Practice Makes Permanent

Everyone’s heard the age-old adage that “practice makes perfect.” When I was in middle school, I had a physical education teacher who disagreed. His motto instead was that “practice makes permanent.” 

With that in mind, today we’re going to focus on the key principle of the brain and specifically Hebb’s Principle that tells us that neurons that fire together, wire together. It’s about the power of repetition in practice, and how changing those habits is hard but by using the “practice makes permanent” M.O., you can change that narrative.

There’s no doubt, it’s hard to quit doing something. To go cold turkey. When we take the willpower approach, we struggle.  It feels like you are being deprived, and the more you think about how you can’t engage in the habit, the more you want to. The survival brain takes over and seeks the reward so it can finally relax. We might have the mentality when quitting that ‘all will be right with the world and we can try again tomorrow.’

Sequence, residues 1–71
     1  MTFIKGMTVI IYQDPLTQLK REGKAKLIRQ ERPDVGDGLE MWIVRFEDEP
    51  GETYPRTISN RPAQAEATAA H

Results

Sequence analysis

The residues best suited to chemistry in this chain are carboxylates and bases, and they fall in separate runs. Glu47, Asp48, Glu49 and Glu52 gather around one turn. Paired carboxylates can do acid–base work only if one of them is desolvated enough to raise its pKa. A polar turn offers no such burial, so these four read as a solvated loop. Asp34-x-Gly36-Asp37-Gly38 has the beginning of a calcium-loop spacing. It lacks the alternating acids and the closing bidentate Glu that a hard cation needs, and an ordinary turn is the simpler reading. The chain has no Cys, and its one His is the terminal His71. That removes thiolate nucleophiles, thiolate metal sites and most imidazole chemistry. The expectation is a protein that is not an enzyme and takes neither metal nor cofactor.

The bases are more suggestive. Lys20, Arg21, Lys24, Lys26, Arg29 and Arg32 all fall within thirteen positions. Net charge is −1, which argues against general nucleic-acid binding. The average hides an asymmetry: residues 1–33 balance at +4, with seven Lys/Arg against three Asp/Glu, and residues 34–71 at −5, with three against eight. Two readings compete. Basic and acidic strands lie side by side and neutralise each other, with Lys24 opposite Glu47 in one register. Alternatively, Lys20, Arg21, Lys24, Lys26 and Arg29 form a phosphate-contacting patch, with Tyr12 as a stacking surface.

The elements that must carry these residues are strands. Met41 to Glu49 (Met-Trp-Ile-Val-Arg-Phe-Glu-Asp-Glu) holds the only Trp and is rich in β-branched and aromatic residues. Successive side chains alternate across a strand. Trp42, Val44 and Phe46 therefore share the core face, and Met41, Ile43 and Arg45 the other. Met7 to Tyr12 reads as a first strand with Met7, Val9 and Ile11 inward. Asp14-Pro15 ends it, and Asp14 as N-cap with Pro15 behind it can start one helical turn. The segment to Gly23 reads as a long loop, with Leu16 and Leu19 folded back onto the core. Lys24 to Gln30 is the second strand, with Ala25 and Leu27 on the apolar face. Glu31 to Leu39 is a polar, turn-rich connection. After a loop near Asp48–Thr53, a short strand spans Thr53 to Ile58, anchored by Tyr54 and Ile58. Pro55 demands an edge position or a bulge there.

[WATCH: ATOMIC HABITS: HOW TO GET 1% BETTER EVERY DAY] 

The myths of mental toughness get in the way here, too.  

The 1st myth: You have mental toughness or you don’t. Failure equals that you have no courage or willpower. You concede to that thinking and assume that there is no way to fix it because you simply “don’t have it.” ou are screwed.  No way you can fix it cause you just don’t have it. 

Hebb’s principle gives us a path forward. Charles Duhigg, who wrote the “Power of Habit” broke it down this way:

There are 3 parts to a habit.

 1) Trigger – A reminder of something.  

2) Routine – Steps we take in response to the trigger.  

3) Reward – the payoff we receive from the routine.

Make a list of your habits – the performance killers and the performance boosters. Apply the trigger, routine, reward loop. Performance killers usually protect us from vulnerability and fear – a reward or secondary gain. Performance boosters push us towards vulnerability and fear – overcoming it is the reward.  

Then make three lists.  

1) Habits I need to start doing more often.  

2) Habits  I need to add.  

3) Habits  I need to stop. 

One of the best books for developing new habits is “Atomic Habits” by James Clear. I have read it numerous times and it has helped me to develop more effective habits.  Bonus PDF: A highlights list of basic habits that lead to mental fitness. Learn more through our own personal coaching sessions or online training classes.